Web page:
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Cutaneous Type of Anthrax Is Rarely Lethal
Wall Street Journal; A8
Johannes, Laura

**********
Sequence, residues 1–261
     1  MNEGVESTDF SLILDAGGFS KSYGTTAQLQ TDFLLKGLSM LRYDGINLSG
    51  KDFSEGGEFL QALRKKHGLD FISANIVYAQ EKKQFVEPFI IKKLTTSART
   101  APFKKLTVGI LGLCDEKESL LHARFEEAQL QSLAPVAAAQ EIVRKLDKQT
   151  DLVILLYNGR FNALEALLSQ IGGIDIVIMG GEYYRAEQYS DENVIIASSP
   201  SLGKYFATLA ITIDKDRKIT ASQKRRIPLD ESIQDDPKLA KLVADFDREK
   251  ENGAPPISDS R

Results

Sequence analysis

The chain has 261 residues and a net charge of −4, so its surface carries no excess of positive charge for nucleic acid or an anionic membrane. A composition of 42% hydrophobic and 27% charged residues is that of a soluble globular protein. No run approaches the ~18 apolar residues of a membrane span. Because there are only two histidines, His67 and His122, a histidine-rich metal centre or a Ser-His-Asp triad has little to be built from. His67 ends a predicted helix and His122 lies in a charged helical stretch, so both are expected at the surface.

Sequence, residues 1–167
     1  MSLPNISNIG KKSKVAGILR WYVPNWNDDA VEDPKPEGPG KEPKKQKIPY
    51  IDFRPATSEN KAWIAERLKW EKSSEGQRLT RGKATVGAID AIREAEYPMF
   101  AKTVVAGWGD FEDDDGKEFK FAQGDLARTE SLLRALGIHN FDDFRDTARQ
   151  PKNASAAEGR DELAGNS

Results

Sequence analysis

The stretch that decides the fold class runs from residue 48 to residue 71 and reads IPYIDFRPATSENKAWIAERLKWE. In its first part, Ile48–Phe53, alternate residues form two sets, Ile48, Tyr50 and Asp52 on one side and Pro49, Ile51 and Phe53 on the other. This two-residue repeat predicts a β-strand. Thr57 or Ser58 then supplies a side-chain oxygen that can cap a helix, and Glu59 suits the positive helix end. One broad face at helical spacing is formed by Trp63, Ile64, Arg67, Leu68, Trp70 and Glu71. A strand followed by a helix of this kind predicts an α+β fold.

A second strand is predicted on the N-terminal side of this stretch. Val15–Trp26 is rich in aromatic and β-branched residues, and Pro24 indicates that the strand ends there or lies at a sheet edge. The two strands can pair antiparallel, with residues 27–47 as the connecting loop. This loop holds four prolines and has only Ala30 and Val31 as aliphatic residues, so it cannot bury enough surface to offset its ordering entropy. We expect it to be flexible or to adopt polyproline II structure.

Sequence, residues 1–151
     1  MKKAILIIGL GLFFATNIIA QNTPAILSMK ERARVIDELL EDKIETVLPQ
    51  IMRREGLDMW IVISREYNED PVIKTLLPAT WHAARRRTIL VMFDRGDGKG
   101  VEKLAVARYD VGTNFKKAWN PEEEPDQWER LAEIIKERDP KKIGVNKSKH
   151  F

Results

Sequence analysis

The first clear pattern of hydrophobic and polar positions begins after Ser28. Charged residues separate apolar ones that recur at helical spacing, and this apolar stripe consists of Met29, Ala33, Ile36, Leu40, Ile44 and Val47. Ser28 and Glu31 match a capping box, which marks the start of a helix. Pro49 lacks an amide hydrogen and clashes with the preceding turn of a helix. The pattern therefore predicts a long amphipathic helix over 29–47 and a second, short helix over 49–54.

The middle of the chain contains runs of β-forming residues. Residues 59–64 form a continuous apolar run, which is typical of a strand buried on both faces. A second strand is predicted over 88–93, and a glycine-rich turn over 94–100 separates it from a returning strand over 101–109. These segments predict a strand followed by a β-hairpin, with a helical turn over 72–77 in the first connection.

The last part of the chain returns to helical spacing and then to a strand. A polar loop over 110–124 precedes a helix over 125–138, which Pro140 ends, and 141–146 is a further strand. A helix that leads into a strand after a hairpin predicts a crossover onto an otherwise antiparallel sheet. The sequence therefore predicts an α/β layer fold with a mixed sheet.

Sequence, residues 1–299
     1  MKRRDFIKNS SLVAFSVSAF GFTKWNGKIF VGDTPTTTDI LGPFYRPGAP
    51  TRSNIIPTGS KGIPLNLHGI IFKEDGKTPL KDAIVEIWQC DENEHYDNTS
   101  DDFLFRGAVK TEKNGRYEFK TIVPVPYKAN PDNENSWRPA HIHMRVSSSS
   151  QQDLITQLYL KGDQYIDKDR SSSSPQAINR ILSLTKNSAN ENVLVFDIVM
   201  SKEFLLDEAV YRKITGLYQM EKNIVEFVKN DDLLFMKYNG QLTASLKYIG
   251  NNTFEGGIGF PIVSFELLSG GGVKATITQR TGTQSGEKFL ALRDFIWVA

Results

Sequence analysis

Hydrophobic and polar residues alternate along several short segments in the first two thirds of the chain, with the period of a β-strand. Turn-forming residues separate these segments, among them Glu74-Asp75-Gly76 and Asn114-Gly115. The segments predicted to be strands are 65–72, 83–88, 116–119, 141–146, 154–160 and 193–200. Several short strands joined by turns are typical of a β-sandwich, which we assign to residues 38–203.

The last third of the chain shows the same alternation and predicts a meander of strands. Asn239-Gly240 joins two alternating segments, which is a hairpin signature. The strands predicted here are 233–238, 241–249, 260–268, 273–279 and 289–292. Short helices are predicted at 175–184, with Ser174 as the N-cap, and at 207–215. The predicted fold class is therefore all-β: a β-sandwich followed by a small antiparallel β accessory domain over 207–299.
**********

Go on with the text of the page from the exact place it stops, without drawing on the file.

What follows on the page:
Despite its dangerous reputation, anthrax normally causes nothing more serious than irritation when contracted through the skin. According to Alan Zelicoff, a bioterrorism expert at Sandia National Laboratories in Albuquerque, N.M., the cutaneous form of anthrax, in which the bacteria enters the body through abrasions in the skin, is "rarely lethal" and can be successfully combated with antibiotics. Every year, about 2,000 people around the world contract cutaneous anthrax, primarily from being exposed to animal skins and animals infected with the disease. However, unlike smallpox, for example, anthrax is not contagious, says Luciana Borio, an infectious-disease expert at Johns Hopkins Center for Civilian Biodefense Studies. Martin E. Hugh-Jones, a professor of epidemiology at Louisiana State University in Baton Rouge, says culturing anthrax from the flesh of a dead animal would be relatively simple for someone with even a small amount of knowledge of laboratory techniques.

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